WASHINGTON, D.C. (KTTC) -- George Floyd's siblings, nephews and his daughter, among others, made it to the White House Tuesday wanting to ensure he did not die in vain.
They met with President Joe Biden and his administration, urging police reform be passed.
"It has been 57 years since we've had meaningful legislation," said Ben Crump, Floyd's attorney. "This is an American issue, this isn't a police issue or a civil rights issue, we have to look at this as a national issue that we have avoided dealing with far too long."
He's referring to the George Floyd Justice in Policing Act of 2021. Crump, activists and Floyd's family say the bill should not be partisan. They also say its passing would honor the memory of Floyd and other victims of police violence.
"We need people saved on the streets of our country as opposed to being unnecessarily shot by police," said attorney Antonio Romanucci.
"We don't have a choice, unless we want to see the carnage that we've seen over and over and over again, and that's not acceptable," Tricia Hoffler, president of the National Bar Association.
Although Floyd's family and the Biden Administration shared their frustrations on the bill missing passage on the one year mark following Floyd's murder, they agreed the quality of any reform bill is more important than its punctuality.
"He's [Biden] not happy about it not being met, but all in all, he just wants the bill to be right and meaningful and that it holds George's legacy intact," said Brandon Williams, Floyd's nephew.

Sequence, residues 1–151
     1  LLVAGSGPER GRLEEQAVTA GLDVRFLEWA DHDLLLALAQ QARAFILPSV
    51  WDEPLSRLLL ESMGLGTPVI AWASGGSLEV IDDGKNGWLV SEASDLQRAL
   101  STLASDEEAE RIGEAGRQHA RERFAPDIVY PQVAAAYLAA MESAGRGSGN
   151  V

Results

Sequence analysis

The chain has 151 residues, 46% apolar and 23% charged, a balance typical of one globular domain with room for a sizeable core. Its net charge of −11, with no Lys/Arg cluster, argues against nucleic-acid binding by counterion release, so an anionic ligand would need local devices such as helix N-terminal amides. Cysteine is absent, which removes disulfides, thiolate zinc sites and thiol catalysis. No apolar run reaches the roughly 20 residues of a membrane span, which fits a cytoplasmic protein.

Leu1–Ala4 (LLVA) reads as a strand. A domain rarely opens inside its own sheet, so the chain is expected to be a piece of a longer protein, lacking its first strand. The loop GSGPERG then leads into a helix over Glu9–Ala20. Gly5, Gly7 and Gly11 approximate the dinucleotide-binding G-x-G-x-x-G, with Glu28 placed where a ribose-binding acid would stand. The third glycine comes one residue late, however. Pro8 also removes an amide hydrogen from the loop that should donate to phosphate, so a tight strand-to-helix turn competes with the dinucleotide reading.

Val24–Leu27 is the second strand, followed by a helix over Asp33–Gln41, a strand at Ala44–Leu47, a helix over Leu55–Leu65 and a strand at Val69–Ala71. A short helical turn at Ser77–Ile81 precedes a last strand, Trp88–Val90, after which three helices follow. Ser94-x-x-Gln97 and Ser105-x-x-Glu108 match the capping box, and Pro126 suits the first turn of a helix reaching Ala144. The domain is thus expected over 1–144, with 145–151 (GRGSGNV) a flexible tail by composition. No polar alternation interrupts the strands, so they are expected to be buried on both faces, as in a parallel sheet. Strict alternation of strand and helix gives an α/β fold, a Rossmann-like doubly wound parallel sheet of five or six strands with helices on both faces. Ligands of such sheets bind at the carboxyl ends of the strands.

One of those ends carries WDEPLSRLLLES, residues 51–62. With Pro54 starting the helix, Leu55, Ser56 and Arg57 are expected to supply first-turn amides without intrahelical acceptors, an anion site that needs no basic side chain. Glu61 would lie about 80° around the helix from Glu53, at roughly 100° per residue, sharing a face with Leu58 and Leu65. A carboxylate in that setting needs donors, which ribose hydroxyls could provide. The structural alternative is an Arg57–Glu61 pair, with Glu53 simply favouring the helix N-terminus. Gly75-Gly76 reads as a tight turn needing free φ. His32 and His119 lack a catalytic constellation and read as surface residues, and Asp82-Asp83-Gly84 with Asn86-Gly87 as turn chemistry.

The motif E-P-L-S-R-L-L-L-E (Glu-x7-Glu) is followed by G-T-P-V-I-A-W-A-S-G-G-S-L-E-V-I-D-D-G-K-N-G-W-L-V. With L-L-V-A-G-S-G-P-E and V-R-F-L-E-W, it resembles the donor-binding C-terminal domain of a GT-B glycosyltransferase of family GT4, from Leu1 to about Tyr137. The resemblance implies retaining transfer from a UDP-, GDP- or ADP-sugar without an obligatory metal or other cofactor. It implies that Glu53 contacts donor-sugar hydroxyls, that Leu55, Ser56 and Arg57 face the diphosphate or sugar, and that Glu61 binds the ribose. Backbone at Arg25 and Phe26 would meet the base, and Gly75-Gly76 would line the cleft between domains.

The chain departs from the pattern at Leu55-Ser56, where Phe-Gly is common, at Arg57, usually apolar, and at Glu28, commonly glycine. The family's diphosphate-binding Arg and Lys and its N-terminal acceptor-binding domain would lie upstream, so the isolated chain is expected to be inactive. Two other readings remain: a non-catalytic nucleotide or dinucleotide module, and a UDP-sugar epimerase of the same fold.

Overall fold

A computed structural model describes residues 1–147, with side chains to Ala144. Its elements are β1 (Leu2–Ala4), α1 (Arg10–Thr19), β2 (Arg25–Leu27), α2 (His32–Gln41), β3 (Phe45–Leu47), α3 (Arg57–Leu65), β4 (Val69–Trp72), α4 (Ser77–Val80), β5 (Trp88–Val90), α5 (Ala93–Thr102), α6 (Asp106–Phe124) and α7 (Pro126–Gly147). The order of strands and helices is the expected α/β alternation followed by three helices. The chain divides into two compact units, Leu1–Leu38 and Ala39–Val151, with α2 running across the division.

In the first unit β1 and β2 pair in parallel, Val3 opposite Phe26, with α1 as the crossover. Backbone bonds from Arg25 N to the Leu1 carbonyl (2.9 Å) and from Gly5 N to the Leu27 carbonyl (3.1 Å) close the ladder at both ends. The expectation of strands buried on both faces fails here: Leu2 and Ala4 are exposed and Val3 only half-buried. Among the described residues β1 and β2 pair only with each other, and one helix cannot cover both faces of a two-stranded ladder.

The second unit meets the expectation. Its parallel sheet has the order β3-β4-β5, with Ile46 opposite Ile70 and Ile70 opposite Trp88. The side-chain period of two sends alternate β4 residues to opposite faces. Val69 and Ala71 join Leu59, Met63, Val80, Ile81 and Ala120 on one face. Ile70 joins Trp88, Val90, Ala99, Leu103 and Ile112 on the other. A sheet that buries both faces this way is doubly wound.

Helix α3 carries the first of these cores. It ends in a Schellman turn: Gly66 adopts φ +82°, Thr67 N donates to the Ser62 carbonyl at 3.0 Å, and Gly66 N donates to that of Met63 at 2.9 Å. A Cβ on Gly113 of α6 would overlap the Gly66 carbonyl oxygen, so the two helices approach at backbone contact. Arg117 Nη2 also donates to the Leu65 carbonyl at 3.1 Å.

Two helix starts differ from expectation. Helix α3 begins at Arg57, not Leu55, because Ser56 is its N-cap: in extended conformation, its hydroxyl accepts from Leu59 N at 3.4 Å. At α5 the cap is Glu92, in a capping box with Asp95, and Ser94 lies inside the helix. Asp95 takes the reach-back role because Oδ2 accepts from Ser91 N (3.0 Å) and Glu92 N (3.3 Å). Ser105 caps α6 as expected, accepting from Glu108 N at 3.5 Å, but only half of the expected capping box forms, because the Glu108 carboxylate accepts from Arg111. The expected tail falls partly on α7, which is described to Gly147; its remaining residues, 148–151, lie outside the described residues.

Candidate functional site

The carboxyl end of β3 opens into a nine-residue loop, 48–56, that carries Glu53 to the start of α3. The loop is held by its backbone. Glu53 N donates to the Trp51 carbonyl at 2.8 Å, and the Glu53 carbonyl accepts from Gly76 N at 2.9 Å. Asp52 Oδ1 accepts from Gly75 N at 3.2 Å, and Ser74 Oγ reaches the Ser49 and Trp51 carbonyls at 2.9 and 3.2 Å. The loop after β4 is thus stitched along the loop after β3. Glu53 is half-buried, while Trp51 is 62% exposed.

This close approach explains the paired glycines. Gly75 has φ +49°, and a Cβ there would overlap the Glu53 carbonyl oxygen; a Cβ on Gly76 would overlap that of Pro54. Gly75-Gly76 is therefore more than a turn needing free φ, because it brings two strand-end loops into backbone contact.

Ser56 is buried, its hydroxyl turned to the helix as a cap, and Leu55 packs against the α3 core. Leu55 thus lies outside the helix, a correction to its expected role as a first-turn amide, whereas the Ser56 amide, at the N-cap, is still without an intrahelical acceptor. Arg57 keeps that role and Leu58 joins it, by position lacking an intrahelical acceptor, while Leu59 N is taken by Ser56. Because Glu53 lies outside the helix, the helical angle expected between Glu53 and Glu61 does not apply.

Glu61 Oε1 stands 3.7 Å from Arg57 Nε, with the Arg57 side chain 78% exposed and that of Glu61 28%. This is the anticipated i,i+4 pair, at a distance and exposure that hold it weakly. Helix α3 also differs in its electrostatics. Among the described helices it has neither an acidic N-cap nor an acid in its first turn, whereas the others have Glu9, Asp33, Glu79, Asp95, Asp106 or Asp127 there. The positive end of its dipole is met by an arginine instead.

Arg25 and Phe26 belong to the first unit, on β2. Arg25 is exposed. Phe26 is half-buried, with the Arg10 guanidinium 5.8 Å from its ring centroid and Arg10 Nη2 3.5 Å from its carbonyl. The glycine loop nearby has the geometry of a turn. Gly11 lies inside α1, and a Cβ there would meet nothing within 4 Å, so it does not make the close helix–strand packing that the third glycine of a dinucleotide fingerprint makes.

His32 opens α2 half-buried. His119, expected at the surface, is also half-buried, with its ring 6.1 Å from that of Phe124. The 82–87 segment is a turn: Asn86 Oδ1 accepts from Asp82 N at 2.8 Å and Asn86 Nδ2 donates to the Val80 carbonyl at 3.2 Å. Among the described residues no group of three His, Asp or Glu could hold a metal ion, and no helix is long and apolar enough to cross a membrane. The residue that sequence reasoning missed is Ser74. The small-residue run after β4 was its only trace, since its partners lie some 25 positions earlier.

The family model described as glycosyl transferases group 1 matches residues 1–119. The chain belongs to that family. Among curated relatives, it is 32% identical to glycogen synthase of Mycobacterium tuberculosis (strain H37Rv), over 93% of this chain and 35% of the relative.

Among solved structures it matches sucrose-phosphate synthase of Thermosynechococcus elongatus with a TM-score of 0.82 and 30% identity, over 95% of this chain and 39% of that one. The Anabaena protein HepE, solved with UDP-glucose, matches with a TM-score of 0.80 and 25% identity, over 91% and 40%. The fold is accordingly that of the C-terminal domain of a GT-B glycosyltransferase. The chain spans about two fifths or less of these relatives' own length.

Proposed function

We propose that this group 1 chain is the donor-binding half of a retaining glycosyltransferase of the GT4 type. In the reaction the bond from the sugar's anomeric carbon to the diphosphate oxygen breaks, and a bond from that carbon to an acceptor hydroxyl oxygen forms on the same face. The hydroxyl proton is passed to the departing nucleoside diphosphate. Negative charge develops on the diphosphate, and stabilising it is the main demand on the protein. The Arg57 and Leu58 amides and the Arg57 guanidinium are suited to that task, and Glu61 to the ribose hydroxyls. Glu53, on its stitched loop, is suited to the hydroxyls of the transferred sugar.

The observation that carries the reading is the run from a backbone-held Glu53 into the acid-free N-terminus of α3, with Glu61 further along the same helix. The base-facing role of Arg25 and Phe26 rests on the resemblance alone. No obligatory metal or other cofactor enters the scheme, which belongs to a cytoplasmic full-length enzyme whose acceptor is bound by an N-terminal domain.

The bill has already passed the House. It has not yet passed in the Senate.
And with other bills taking a much shorter amount of time for passage, such as the Anti-Asian Hate Crimes Bill last week, Floyd's team wants there to be more urgency for this cause.
"There have been bills that have been passed in the last three months protecting different groups of people. This group of people needs to be protected too. This started a long time ago, there are some things that started a lot sooner that got protected a lot faster," said attorney Justin Miller.
"If you can make federal laws to protect the bird, which is the bald eagle, you can make federal laws to protect people of color," said Philonese Floyd, Floyd's brother.
Vice President Kamala Harris also weighed in on the family's efforts.
"They have been consistent in using their voice in a way that has been about lifting up other families and other injustices, but doing it with the purpose of compelling action to fix what we know are the problems in the system," said Harris.